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I'm getting to grips with designing coupled line filters and wanted to implement the band-pass filter described in Example 8.7, p. 435 in David Pozar's excellent "Microwave Engineering" just as a first toe-dip into the discipline. However, the outcome for the insertion loss is very much unlike the one stated in the example. I am missing something very basic, probably.

The filter itself is N=3 (four coupled lines) with a 0.5 dB equal ripple response and a center frequency of 2 GHz. \$ Z_0=50\Omega \$ and the bandwidth is 10%.

The stated odd and even mode impedances are:

+---+------------+------------+
| n | Z_0e (ohm) | Z_0o (ohm) |
+---+------------+------------+
| 1 | 70.61      | 39.24      |
| 2 | 56.64      | 44.77      |
| 3 | 56.64      | 44.77      |
| 4 | 70.61      | 39.24      |
+---+------------+------------+

Using Qucs 0.0.18 and its line calculation tool I make the following schematic, assuming I have a 254 um thick ceramic substrate of sorts and that the couplers are \$\lambda/4\$ long at 2 GHz:

Qucs 0.0.18 schematic

I now get the following results:

S11, S21 in dB

Close-up of S11, S21

which is significantly worse than I expected. There is no ripple in the passband, as seen in Pozar's results, and I only ever achieve a -3 to -4 dB insertion loss.

If I add some transmission lines for impedance matching, I might gain 1 dB in S21 at the expense of bandwidth.

Obviously it is possible to design a much better functioning filter, like this one in the qucs example folder for 10 GHz: http://sourceforge.net/p/qucs/git/ci/master/tree/examples/bpf_10Ghz.sch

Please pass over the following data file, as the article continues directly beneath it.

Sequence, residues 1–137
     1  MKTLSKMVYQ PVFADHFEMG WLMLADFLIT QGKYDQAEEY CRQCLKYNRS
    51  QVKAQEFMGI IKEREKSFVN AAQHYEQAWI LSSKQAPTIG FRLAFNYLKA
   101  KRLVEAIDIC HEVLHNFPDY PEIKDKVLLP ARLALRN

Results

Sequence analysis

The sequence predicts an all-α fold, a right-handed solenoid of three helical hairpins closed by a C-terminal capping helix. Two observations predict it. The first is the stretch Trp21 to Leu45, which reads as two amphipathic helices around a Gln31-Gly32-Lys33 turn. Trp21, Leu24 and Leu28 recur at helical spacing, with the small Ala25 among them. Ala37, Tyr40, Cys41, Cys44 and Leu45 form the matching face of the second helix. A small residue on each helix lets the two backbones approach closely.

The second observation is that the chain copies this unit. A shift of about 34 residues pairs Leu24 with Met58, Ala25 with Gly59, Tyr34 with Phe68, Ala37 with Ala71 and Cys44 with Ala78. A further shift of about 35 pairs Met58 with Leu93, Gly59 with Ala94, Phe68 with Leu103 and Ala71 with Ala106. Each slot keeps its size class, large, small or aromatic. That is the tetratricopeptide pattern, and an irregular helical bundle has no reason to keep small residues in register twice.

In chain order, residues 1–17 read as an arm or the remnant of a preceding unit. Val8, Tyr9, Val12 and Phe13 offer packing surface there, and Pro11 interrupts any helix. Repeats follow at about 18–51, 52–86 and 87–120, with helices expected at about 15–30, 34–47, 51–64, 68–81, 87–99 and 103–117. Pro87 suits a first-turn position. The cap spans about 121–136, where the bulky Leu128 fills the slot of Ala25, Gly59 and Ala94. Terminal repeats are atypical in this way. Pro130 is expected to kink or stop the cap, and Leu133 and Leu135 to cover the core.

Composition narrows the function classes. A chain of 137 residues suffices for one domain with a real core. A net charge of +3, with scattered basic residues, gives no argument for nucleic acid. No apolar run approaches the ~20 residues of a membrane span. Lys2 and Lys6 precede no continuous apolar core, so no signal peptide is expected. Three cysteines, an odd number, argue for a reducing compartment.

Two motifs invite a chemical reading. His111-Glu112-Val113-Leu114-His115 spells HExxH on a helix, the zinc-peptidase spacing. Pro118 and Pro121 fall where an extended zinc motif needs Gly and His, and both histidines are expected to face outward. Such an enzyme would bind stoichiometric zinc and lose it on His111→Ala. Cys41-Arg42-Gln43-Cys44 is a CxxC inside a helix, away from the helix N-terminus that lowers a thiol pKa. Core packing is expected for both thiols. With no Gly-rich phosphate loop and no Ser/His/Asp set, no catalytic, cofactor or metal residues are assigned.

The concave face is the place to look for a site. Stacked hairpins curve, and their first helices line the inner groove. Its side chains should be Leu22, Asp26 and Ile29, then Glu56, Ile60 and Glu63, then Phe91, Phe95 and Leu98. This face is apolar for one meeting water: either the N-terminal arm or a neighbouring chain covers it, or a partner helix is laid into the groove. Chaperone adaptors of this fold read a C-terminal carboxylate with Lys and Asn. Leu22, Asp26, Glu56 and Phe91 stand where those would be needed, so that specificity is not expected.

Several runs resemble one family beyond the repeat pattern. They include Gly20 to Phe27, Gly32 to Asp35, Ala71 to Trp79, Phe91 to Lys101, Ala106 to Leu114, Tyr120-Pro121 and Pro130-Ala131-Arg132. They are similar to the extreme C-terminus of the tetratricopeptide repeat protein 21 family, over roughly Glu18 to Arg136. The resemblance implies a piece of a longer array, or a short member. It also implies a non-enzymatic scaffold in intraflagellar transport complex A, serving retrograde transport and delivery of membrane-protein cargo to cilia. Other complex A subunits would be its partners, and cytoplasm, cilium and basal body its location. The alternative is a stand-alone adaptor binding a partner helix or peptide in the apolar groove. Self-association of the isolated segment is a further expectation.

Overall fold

Could this be the microstrip models in qucs adding too much reality to the results? ;-) Any comments are greatly appreciated.

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    \$\begingroup\$ Did you try taking tand and rho to near zero? \$\endgroup\$ – The Photon Oct 26 '15 at 23:41
  • \$\begingroup\$ Incidentally, your h and t parameters look typical for printed circuit scenarios, but your er is awfully high. What substrate are you trying to model? \$\endgroup\$ – The Photon Oct 26 '15 at 23:44
  • \$\begingroup\$ @ThePhoton, looks like substrate is Alumina (\$\epsilon _r\$=9.8). \$\endgroup\$ – gsills Oct 27 '15 at 2:06
  • \$\begingroup\$ @ThePhoton Loss tangent and conductivity: Yes, I had the same thought, however, the improvement was marginal. \$\endgroup\$ – electroGeek Oct 27 '15 at 5:15
  • \$\begingroup\$ @ThePhoton Substrate material and thicknesses: Yes, this combination is not the most realistic one. I redid the simulation with qucs' built-in RO4350 substrate parameters and recalculated dimensions. I didn't change the outcome very much. \$\endgroup\$ – electroGeek Oct 27 '15 at 5:18
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So, I double checked one of ThePhoton's suggestions, and of course he's right. It was all about the conductivity. Look what happens when I reduce the specific resistance with 4 orders of magnitude:

enter image description here

enter image description here

So, going lossless is the way to reconcile it with Pozar's results. Case closed and thanks for helping out! Ready for next step.

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    \$\begingroup\$ Good that you got if figured out. If you want a real-world (partial) solution it probably means using a thicker substrate (larger h) so that all your Ws will end up larger. \$\endgroup\$ – The Photon Oct 29 '15 at 0:58
  • \$\begingroup\$ Thanks, enlarging the W to reduce conductor loss is probably the way to go. \$\endgroup\$ – electroGeek Oct 29 '15 at 9:25

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